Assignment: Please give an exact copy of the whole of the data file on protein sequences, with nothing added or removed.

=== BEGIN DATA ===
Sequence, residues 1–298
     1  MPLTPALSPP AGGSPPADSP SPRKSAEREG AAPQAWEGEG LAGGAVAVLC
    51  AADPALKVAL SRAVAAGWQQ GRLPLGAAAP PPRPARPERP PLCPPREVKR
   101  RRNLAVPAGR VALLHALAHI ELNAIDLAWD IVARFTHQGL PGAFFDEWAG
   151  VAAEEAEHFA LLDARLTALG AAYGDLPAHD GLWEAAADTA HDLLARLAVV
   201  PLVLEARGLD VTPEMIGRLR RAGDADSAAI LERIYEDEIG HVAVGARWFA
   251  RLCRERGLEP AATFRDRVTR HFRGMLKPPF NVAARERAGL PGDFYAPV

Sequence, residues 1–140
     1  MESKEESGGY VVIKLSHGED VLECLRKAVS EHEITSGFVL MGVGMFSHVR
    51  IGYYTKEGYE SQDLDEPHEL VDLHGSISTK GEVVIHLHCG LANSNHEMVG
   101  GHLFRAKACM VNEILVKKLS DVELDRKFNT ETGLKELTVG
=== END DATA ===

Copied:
Sequence, residues 1–298
     1  MPLTPALSPP AGGSPPADSP SPRKSAEREG AAPQAWEGEG LAGGAVAVLC
    51  AADPALKVAL SRAVAAGWQQ GRLPLGAAAP PPRPARPERP PLCPPREVKR
   101  RRNLAVPAGR VALLHALAHI ELNAIDLAWD IVARFTHQGL PGAFFDEWAG
   151  VAAEEAEHFA LLDARLTALG AAYGDLPAHD GLWEAAADTA HDLLARLAVV
   201  PLVLEARGLD VTPEMIGRLR RAGDADSAAI LERIYEDEIG HVAVGARWFA
   251  RLCRERGLEP AATFRDRVTR HFRGMLKPPF NVAARERAGL PGDFYAPV

Sequence, residues 1–140
     1  MESKEESGGY VVIKLSHGED VLECLRKAVS EHEITSGFVL MGVGMFSHVR
    51  IGYYTKEGYE SQDLDEPHEL VDLHGSISTK GEVVIHLHCG LANSNHEMVG
   101  GHLFRAKACM VNEILVKKLS DVELDRKFNT ETGLKELTVG